Eccentric characters welcome at Shea
From Casey to Castro, Mets enjoy lighter side of the game
NEW YORK -- Months before their clubhouse card playing became a postseason felony offense in 1999, Rickey Henderson and Bobby Bonilla were holding hands -- Bonilla had the better one -- in the Mets' clubhouse. Bonilla had lost several hands in a row, but he was confident this time, until he thought he had caught his teammate cheating.
The ensuing argument, loud, animated and completely facetious, was more entertaining than those that had happened regularly for most of the season. Teammates gathered around to hear every word as accusations flew across a table in the middle of the clubhouse. Bonilla indicted his partner in Spanglish, and Henderson responded in a personal, rapidly spoken language not intended to communicate thought.
After a few unintelligible exchanges, Robin Ventura vanished, only to return moments later with a thick book, its cover already altered to fit the occasion. "Jive Dictionary" was the title Ventura had given it. He slammed the book on the table between the combatants and asked, "Is this something the whole group can share?"
And the clubhouse rollicked.
Ventura had the same effect on June 11, 2000, when, during a rain delay of a scheduled Interleague game at Yankee Stadium, he stuffed padding into his uniform shirt and painted sideburns on his face. He then presented a wonderful on-field impersonation of Mike Piazza, to the delight of fans of both teams.
Ventura had the touch. He knew what was funny, what was acceptable when the time was right for his needle. In his own sly, clever and subdued ways, he was a character, an entertainer and a prankster, the kind of clubhouse citizen every team needs.
He was a member of merely three Mets teams, from 1999-2001, and though John Franco was a primary character on those clubs, Ventura had a prominent place, too. Franco's humor often was more verbal -- a line here, a playful insult there. His act came from Brooklyn street corners. Ventura brought his more subtle ways from Southern California.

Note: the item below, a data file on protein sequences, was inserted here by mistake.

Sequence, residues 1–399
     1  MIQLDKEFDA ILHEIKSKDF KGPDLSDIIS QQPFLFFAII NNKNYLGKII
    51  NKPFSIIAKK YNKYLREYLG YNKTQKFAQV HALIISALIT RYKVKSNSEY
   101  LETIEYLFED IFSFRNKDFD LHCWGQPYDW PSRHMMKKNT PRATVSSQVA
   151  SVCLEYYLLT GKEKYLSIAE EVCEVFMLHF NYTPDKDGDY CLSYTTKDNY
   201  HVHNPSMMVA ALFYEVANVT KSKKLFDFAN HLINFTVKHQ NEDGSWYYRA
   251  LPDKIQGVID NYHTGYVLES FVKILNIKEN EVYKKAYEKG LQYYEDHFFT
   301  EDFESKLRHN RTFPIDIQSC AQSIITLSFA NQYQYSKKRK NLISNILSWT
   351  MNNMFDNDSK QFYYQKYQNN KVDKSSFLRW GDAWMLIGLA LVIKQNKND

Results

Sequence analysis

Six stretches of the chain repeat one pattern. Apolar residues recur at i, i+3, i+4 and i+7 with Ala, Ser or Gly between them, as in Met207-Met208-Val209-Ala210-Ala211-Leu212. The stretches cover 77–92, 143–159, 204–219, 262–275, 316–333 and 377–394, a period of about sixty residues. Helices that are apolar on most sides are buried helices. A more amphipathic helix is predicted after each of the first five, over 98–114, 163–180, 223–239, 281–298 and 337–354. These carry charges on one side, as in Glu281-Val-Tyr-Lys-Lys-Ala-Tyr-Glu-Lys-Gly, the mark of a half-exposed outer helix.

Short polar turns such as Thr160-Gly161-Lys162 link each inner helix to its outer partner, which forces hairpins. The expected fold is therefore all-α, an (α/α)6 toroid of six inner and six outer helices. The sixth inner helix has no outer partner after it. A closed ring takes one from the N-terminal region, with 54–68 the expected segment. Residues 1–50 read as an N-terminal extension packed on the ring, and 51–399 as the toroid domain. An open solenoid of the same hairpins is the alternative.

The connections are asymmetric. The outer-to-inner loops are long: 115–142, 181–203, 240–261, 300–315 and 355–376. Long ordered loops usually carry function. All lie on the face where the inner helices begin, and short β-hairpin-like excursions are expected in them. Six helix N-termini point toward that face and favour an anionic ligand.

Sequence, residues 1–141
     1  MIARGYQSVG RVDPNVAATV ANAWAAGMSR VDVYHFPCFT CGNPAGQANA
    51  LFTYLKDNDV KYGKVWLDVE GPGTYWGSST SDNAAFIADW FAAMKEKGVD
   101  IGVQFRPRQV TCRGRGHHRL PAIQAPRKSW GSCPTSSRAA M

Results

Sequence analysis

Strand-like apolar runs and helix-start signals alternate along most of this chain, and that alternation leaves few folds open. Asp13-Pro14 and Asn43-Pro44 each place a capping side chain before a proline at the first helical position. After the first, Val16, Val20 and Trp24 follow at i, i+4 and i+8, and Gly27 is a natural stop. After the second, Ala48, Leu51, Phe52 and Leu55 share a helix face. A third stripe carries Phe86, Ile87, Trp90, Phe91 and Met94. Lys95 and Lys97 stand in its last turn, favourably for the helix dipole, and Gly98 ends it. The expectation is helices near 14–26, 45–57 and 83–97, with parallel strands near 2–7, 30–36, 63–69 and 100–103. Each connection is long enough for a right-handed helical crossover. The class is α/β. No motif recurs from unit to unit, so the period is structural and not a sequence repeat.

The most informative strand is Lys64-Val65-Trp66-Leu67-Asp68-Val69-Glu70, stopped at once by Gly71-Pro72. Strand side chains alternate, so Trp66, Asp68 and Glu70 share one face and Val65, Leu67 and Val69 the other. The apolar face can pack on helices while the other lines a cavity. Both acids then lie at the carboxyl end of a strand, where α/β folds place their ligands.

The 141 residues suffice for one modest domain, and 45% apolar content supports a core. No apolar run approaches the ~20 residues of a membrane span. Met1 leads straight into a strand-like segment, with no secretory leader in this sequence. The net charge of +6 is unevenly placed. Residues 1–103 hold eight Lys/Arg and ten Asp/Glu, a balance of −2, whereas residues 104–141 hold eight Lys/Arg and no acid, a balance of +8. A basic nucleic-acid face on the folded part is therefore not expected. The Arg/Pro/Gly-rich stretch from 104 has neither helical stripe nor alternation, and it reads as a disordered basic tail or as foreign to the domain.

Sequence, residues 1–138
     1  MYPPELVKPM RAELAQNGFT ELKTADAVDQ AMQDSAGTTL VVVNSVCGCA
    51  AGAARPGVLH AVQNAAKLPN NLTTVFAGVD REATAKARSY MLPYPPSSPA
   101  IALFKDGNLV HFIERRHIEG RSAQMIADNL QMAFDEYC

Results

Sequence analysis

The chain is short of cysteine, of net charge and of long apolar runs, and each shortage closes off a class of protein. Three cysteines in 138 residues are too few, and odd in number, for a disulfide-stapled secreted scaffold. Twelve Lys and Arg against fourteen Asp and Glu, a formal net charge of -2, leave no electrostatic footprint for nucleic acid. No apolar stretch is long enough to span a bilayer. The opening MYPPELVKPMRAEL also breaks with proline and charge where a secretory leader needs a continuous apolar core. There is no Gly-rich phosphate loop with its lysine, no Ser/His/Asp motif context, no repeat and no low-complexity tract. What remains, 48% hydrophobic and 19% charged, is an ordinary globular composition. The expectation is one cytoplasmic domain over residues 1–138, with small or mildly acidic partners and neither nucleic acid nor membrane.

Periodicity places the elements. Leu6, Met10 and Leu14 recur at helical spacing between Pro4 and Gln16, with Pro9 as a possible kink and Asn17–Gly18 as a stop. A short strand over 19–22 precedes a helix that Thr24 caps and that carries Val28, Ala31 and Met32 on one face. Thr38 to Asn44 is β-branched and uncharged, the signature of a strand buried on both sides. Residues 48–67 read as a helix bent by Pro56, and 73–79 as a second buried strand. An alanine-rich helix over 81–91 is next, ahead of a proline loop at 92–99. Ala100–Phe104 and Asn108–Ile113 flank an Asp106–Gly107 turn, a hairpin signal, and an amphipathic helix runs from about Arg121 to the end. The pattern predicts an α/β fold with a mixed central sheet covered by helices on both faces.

Franco once dragged the L-shaped batting-practice screen from its place in front of the mound into the Spring Training clubhouse and placed it front of the locker of fellow pitcher Wally Whitehurst, who was regularly struck by batted balls. And each spring, Franco and the clubhouse kids would foist the "four-man lift" on some unsuspecting clubhouse guest.
And Franco always was the instigator in the annual Chicago rookie-rites ritual. He would explain to the team's plebes that, to be accepted, they must paint the part of a horse statue on Belmont Avenue that distinguished the horse as a stallion. Then he would arrange for Chicago cops to "arrest" the perpetrators in the clubhouse the following day.
Ventura's humor often was more pointed. In May 2000, Henderson embarrassed himself by watching his fly ball to left-center field instead of running. The ball didn't clear the wall as he had expected, so his "home run" became a single. The following day, Ventura and Todd Zeile purchased a large star and painted Henderson's No. 24 on it. They were prepared to slap it on the wall in left-center field to show where the longest single in Shea Stadium history had traveled.
But before Ventura and Zeile could act, the club made its own point, releasing Henderson.
Most of the characters who have passed through Shea Stadium weren't so political. There was nothing remotely political about Casey Stengel, perhaps the game's all-time character. Stengel graced the manager's office at Shea from the ballpark's first day in 1964 through July 24, 1965. Most of his best material came before Shea's doors opened, and, in particular, in 1962, the Mets' first season. He was the one-man promotions department that year, when his team produced the worst record in the game's history.
But Stengel saved one of his best for the aftermath of the Mets' loss to the Giants in the second game of a doubleheader at Shea on May 31, 1964. Having lost the first game in nine innings, the Mets used 23 innings to lose the second, prompting this priceless assessment from their manager: "It wasn't good, but at least it was long."
His comments, delivered in Stengelese, often were insightful. He had evaluated Ed Kranepool and Greg Goossen early in 1965 when he offered this: "See that fellow [Kranepool] over there? He's 20 years old. In 10 years, he has a chance to be a star. Now, that fellow over there, he's 20, too. In 10 years, he has a chance to be 30."
Stengel was succeeded by Wes Westrum, who was less a character but often just as funny, identifying tight games as "Cliff dwellers" and uttering this unforgettable malaprop: "When they made him, they threw away the molding."
But neither Stengel nor Westrum had the impact of one of their successors. Yogi Berra's "It ain't over 'till it's over," spoken in the late stages of the 1973 pennant race, has spread far beyond baseball, and Berra himself has become more iconic than either predecessor.